Ecosystem functions and services are paramount to survival, and comprehensive spatial assessments thereof are required in order to promote conservation and ecosystem management. To quantify ecosystem service supply, species-based providers or biophysical providers are used by researchers, although biophysical providers are most often investigated in large-scale, multi-service assessments through high quality mapping and remote sensing. Species-based ecosystem service providers are not represented as often, although these contribute greatly human wellbeing. To fill this knowledge gap, Ceausu et al. (2021) calculated the distributions to understand individual species’ relative importance to the supply of ecosystem services.
Fig. 1.Weighted provider richness for species-based services at 50×50km resolution. The color categories display quantiles (Ceausu et al. 2021).
Fig. 2.Spatial distribution of biophysical services at 50×50km resolution. The color categories display quantiles (Ceausu et al. 2021).
Ceausu et al. (2021) calculated the indicator for species provider richness weighted by functional efficiency for 9 species-based ecosystem…
Biodiversity conservation can be a difficult topic to study when catastrophic projections and bad news is ever-present, combined with the intense urgency to act. Soulé (1985) referred to it as a ‘crisis discipline’, while terms such as ‘eco-anxiety’ and ‘ecological grief’ are gaining popularity and relevance. Fischer and Riechers (2021) therefore try to understand how conservation professionals can change their inner worlds and perspectives, in order to confront feelings of grief, and channel these to more empowering and hopeful visions of the future.
Fischer and Riechers (2021) were inspired by and reflected on the works of Michael Soulé, and presented this paper to incite conversations and focus on themes relating to compassion, interrelatedness, impermanence and normativity in conservation.
The authors focussed on centering compassion in order to reduce scapegoating and blame games. Often, our own research comes from a place of life-affirmation, and the authors highlighted that by understanding differences…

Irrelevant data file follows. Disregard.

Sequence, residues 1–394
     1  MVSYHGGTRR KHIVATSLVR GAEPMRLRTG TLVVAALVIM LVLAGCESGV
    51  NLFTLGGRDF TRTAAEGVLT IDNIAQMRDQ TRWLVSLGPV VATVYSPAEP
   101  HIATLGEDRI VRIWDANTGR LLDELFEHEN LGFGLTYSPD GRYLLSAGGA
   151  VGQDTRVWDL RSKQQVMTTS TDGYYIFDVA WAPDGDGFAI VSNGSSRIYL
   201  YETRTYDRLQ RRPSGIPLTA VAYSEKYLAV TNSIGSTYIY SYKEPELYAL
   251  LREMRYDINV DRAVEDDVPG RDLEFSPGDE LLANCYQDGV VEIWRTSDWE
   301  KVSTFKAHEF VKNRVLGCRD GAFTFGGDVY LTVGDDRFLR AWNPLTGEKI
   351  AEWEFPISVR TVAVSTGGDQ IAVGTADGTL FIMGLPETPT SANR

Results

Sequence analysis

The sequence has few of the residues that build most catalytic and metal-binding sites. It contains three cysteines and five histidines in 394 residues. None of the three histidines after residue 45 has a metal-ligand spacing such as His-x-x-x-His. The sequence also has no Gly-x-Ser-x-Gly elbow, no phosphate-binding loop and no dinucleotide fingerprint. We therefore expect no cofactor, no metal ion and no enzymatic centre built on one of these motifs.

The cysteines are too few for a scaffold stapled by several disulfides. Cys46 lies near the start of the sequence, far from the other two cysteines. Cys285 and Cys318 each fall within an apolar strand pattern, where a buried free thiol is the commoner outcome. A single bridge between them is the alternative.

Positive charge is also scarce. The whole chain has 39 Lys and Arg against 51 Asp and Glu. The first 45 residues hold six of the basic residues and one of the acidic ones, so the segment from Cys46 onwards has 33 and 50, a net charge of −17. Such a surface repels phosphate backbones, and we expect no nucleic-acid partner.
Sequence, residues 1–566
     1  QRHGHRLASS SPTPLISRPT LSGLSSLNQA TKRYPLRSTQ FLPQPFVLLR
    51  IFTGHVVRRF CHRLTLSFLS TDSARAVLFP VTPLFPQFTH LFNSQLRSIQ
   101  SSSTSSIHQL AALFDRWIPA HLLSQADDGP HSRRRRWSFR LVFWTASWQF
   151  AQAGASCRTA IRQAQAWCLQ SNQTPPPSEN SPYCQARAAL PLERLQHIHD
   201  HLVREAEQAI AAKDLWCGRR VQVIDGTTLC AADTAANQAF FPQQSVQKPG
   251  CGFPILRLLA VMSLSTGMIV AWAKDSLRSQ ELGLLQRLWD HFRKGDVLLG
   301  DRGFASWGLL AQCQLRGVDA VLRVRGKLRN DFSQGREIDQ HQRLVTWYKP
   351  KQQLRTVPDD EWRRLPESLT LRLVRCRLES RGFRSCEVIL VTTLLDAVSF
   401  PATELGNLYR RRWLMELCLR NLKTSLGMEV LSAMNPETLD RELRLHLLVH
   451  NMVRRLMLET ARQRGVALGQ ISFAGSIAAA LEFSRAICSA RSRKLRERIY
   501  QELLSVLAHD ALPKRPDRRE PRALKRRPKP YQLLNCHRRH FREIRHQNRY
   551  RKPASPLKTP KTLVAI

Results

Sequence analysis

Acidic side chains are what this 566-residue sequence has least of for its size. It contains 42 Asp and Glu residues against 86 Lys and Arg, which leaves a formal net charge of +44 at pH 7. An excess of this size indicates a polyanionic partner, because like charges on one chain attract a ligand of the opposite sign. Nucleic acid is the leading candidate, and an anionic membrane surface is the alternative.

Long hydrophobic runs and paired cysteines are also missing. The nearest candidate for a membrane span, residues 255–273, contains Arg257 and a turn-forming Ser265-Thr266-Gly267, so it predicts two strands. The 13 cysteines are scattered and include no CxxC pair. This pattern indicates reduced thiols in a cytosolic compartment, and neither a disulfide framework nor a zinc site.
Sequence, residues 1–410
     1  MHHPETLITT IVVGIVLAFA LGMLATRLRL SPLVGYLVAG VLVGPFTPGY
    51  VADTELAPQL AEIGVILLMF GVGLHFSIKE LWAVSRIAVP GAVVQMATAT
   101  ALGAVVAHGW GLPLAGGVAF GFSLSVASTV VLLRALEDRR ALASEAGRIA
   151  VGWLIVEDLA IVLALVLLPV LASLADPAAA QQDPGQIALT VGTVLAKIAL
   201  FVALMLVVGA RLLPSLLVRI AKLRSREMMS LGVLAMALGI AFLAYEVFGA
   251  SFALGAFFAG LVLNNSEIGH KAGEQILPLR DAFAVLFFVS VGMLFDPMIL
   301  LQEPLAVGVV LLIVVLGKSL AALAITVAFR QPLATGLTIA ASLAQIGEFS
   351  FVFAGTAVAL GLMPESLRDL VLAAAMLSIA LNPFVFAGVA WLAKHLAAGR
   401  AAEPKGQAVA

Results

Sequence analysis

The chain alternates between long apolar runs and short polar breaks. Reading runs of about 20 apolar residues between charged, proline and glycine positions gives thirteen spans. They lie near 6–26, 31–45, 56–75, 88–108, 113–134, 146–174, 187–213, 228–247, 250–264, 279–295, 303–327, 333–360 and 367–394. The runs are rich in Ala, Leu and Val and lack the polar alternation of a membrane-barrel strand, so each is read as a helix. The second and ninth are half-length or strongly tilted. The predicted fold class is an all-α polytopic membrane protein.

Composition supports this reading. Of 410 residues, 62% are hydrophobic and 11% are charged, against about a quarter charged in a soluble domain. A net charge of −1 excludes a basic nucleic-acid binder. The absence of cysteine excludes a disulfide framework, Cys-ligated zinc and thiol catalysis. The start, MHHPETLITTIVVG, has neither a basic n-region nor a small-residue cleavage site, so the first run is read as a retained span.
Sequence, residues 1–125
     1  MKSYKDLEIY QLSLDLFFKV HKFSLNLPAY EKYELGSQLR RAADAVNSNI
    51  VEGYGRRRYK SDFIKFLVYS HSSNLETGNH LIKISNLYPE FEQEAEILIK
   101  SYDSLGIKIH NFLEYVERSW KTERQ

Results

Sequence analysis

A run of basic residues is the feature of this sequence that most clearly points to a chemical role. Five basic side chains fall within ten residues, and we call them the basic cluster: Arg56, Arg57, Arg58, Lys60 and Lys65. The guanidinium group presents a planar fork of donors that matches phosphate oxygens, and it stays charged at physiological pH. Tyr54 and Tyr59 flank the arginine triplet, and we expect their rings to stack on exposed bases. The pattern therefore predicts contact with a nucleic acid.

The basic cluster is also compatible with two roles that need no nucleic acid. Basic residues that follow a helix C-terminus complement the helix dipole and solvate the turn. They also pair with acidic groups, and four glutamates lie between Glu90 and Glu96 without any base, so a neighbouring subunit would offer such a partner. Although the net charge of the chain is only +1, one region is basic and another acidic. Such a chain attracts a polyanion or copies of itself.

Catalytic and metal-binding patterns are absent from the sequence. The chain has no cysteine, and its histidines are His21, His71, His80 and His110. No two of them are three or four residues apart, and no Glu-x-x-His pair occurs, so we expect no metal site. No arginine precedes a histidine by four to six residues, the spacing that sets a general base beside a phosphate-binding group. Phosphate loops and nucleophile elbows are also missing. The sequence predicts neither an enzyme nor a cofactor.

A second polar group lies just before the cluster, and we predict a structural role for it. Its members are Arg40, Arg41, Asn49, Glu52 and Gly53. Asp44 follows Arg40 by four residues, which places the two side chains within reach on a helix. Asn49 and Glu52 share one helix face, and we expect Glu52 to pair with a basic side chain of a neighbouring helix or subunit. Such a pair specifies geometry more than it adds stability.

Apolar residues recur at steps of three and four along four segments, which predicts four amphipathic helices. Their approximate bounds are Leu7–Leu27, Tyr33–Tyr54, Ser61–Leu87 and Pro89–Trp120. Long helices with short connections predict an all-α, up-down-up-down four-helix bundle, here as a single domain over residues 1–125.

Marine pollution is a broad and multifaceted issue that is being increasingly understood and recognised, however unsustainable pathways continue to threaten the global biosphere. Therefore, Riechers et al. (2021) conducted literature-based research to identify the drivers of rising marine pollution, major research foci and pollutants, and the characteristics of suggested interventions. The authors attempted to understand how knowledge can best be used to effectively address marine pollution.
The authors applied the leverage points concept of Meadows (1999) to their literature review in order to identify the type, spatial distribution and depth of the interventions discussed. They classified the scientific studies and interventions according to this leverage points perspective, in order to determine the ability of the interventions to create lasting change. Riechers et al. (2021) hypothesised that sustainability interventions would likely be focussed on highly tangible and short-term goals, rather than targeting transformative change…
The impacts of human population growth, consumption and expansion of cities and rural dwellings affect biodiversity worldwide. However, often the biodiversity and rural impacts of local population growth have only been considered in the Global North. In the context that half of projected population growth by 2050 is expected to occur in Sub-Saharan Africa, and in considering that much of this growth will be in rural settings, the effects on rural ecosystems are a topic area that requires more research (UN, 2019). Therefore, Rodrigues et al. (2021) explored these impacts in biodiversity-rich areas undergoing rural population growth in southwestern Ethiopia.
The chosen study area covered 3800km2 of moist evergreen forest and coffee production areas in the Jimma zone of Oromia, which the authors chose due to the…